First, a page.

Sunday, June 02, 2013

One For the Aged: Mossless Stones Provide Nothing But Satisfaction, All Down the Line -- Chicago Concert Review

Concert Review

The Rolling Stones
United Center, Chicago
May 31, 2013
(also performing 6/3)

Unless you were at the United Center on Friday night, for the band's second of three Chicago shows on their brief 50 & Counting tour, it may be hard for you to believe just how good the Rolling Stones were.

I was there and it's hard for me to believe. 

Sure, they have now spent half a century living up to the self-proclaimed title of "World's Greatest Rock and Roll Band." (Yes, in the erstwhile "Beatles or Stones?" debate, I side with the former, but they didn't last through a decade).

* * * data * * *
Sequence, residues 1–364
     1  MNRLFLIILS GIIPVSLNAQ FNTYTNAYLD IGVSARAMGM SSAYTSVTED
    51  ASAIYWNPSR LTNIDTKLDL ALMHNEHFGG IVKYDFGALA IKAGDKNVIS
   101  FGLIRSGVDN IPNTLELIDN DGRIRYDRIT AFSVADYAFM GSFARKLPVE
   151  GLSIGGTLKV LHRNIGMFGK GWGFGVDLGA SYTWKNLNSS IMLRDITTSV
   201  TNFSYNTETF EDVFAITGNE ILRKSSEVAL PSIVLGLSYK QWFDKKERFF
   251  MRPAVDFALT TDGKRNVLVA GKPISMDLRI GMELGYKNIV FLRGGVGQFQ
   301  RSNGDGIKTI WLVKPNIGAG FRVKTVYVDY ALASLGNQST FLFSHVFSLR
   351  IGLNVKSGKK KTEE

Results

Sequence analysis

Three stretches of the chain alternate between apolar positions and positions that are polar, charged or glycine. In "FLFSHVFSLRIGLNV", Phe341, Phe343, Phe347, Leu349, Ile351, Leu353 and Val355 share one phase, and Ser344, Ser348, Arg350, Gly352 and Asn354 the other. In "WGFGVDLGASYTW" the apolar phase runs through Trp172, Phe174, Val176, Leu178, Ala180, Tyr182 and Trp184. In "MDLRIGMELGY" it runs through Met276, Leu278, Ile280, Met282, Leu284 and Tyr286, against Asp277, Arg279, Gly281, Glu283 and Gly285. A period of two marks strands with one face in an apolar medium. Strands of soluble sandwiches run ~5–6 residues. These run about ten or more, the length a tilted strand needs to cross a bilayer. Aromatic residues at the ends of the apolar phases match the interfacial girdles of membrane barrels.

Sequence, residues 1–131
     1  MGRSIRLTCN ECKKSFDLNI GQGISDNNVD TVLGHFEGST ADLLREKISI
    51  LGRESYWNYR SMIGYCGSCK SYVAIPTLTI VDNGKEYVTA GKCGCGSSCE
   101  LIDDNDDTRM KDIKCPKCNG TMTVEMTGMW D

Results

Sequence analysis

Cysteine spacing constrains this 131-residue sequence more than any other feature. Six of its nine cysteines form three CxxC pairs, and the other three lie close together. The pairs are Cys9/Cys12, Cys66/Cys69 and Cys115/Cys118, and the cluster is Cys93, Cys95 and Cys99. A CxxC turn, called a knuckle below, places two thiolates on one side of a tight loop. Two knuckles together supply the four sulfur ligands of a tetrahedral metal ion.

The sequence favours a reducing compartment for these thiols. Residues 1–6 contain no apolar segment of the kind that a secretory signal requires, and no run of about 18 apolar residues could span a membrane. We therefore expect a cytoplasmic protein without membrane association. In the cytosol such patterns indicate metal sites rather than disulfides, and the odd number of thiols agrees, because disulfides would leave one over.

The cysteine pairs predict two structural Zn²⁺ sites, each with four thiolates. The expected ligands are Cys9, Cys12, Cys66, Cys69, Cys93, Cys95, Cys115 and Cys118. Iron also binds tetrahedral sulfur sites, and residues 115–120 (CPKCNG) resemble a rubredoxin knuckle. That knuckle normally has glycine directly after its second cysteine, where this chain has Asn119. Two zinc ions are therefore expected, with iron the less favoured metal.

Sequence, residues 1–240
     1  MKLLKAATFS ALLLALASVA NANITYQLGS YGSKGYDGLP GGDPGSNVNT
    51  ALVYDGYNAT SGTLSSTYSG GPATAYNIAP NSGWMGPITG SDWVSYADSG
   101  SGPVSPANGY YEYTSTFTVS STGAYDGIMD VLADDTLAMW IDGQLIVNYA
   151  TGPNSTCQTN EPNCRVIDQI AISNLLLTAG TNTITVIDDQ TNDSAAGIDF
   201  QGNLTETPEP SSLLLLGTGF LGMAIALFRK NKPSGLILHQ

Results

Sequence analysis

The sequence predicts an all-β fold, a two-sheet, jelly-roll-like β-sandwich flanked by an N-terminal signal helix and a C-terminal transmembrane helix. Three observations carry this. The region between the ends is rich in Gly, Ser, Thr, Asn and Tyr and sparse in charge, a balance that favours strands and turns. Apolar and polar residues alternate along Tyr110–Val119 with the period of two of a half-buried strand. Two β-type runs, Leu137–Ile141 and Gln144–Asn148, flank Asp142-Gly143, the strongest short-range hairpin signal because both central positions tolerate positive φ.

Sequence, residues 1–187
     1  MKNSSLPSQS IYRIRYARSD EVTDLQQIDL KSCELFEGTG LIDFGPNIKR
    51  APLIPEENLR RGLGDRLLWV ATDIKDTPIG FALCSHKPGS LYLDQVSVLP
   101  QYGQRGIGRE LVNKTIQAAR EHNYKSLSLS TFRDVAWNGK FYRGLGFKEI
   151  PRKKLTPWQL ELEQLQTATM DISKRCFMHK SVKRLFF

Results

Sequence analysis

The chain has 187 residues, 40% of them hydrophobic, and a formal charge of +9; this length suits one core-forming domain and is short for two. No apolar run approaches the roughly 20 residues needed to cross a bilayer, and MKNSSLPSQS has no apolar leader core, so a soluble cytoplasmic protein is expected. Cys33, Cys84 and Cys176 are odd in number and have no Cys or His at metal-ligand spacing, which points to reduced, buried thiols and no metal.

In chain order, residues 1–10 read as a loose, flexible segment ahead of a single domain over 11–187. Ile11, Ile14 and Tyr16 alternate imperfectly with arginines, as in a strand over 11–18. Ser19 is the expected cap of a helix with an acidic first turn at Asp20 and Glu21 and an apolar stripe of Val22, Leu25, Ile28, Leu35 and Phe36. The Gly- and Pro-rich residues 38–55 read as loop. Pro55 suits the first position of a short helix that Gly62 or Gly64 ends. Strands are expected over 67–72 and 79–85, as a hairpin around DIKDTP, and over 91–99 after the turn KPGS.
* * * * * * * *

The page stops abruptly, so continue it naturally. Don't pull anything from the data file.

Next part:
And truly, the Stones have never been less than magnificent in the 10 times I have now seen them live, in eight different years since 1989, when they were already considered long in the tooth. 

So no, I've never given credence to critical scoffs--and likely public assumption--deriding the Stones as an oldies act that tours simply to refortify their castles and the trust funds of children they may have fathered, knowingly or not. 

This doesn't mean that I don't find their opting to charge $600 for the majority of seats on this tour disgusting; I think it's utterly egregious and rued having to pay a quarter of that for the "cheap seats," which is still the most I've ever spent on a face-value concert ticket.